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I found it a little bit difficult and confusing to define the complement language in specific cases. For example, take the next language:

$$L = \left\{\langle M, w\rangle \;\middle|\; \begin{array}{l}M \text{ is a Non-Deterministic TM,}\\ \text{and it has an accepting run on }w\text{ of length }\leq |w|\end{array}\right\}\,.$$

When I've tried to find $L$-complement I did it like this:

M isn't an NDTM OR it doesn't have an accepting run on $w$ of length $> |w|$.

My way of thinking is to change each one of the quantifiers. Is that OK? Someone can write the logic behind that (I want to understand for other cases as well, this language isn't critical right now)?

Thanks!

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This is just the application of de Morgan's laws: \begin{align*} \neg(A\land B) &\equiv (\neg A)\lor (\neg B)\\ \neg(A\lor B) &\equiv (\neg A)\land (\neg B)\,. \end{align*} These are fairly obvious, if you think about them for a moment: if something isn't both $A$ and $B$, then it must fail to be one or the other (or both); if something is neither $A$ nor $B$, then it is not $A$ and it is not $B$.

In your case, $A$ is "it is a NTM" and $B$ is "it has an accepting run on $w$ of length at most $|w|$." Using the first version of the law, the complement is "it is not an NTM or it does not have an accepting run on $w$ of length at most $|w|$."

That alone may be enough to answer the question, but you might also want to push the negation in the second half ("it does not have an accepting run on $w$ of length at most $|w|$"). In this case, we need the rules for negating quantifiers: \begin{align*} \neg\forall x\,C(x) &\equiv \exists x\,\neg C(x)\\ \neg\exists x\,C(x) &\equiv \forall x\,\neg C(x)\,. \end{align*} Again, take a moment to convince yourself that these are true: if it's not true that everything is $C$, it must be that something is not $C$; if there doesn't exist something that is $C$, then everything must be not $C$.

In your case, writing $B$ more formally gives "There exists a run $r$ on $w$ such that $r$ accepts and $r$ has length at most $|w|$", so $C$ is the property "is accepting and has length at most $|w|$." Negating $B$ gives "Every run $r$ on $w$ is not both accepting and of length at most $|w|$" and applying de Morgan again gives "Every run on $w$ is rejecting or has length more than $|w|$ (or both)."

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  • $\begingroup$ Thanks! I found the next still confusing: L = {<M, w>: M accepts w and uses at most |w| tape cells during the run on w}. The complement of this language is: M not accepts w OR don't use at most |w| tape cells during the run on w. Can the second part be like Use at least |w| tape cells (instead of at most?). $\endgroup$ – Roni Kurtberg Oct 1 '18 at 14:56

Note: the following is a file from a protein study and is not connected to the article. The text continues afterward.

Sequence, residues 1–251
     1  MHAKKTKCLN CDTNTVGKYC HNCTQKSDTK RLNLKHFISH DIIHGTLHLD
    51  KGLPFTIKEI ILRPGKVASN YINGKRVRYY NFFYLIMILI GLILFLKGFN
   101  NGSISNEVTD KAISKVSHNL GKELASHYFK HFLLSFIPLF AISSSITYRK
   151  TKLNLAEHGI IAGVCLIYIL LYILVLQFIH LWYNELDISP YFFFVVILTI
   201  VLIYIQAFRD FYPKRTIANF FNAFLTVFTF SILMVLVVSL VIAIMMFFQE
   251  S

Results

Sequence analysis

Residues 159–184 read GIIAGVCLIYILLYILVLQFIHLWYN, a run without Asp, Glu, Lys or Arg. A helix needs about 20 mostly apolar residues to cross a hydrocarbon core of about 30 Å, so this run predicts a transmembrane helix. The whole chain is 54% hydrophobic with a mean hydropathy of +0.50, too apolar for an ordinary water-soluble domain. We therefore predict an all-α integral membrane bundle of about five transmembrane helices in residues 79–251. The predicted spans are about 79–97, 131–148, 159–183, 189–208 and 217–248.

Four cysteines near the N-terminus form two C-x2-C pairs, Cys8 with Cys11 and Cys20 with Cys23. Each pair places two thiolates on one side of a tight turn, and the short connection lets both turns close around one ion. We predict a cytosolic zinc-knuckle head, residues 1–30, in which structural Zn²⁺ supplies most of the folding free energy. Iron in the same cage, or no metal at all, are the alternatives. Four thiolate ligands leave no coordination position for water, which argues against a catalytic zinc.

• $\begingroup$ @RoniKurtberg if something is not at most $x$ then it is more than $x$. $\endgroup$ – David Richerby Oct 1 '18 at 15:31
  • $\begingroup$ But something is still confusing here. If we have a language with machines that halt on at least one input, the complement language is the machines that don't halt on at least one input (negate first property), or the machines that don't halt on at most one input (negate both properties)? $\endgroup$ – Roni Kurtberg Oct 2 '18 at 8:27
  • $\begingroup$ @RoniKurtberg The complement is the machines that fail to have the property "halts on at least one input". If a machine fails to have the property "halts on at least one input" then, for every input, it must not halt. $\endgroup$ – David Richerby Oct 4 '18 at 10:31
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You aren't exactly correct in your example because of the redundant negation of the $\leq$ sign. In the most general sense, we always have:

$$\neg (x_1 \land x_2\land ...\land x_n)=(\neg x_1) \lor...\lor (\neg x_n)$$

Meaning: NOT (A AND B AND C...) equals (NOT A) OR (NOT B) OR (NOT C)...

In your case, we have two conditions with an AND between them:

  1. M is a Non-Deterministic TM

  2. M has an accepting run on $w$ of length $\leq |w|$

Finding the complement of the language requires negating these conditions, and therefore getting the language where either:

  1. M isn't an NDTM, OR
  2. M is an NDTM , BUT, it doesn't have an accepting run on $w$ of length $\leq |w|$

Notice the difference in the negation of the second condition - we changed it from having a run satisfying a certain property to not having a run satisfying the same original property.

From my experience, usually in these kinds of questions you have a language composed of TMs/Automata/etc' fulfiling a certain condition, and in such cases the negation would be everything which isn't a TM/automaton/etc', PLUS everything which is of the correct "type" but doesn't fulfill the original given condition.

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  • $\begingroup$ Great! I'm wondering about the next language: L = {<M1, M2, w> | (M1&M2 both accepts w) OR (M1&M2 both rejects w) OR (M1&M2 both don't halt on w)}. What is L-complement in this case? Do we get an empty language? $\endgroup$ – Roni Kurtberg Sep 30 '18 at 13:41
  • $\begingroup$ Negating OR is the opposite: $\neg (x_1 \lor ... \lor x_n) = (\neg x_1)\land ...\land (\neg x_n)$ In your case, we still have the possibility that one TM accepts and one rejects, or that one halts and one doesn't. $\endgroup$ – Dean Gurvitz Sep 30 '18 at 13:58

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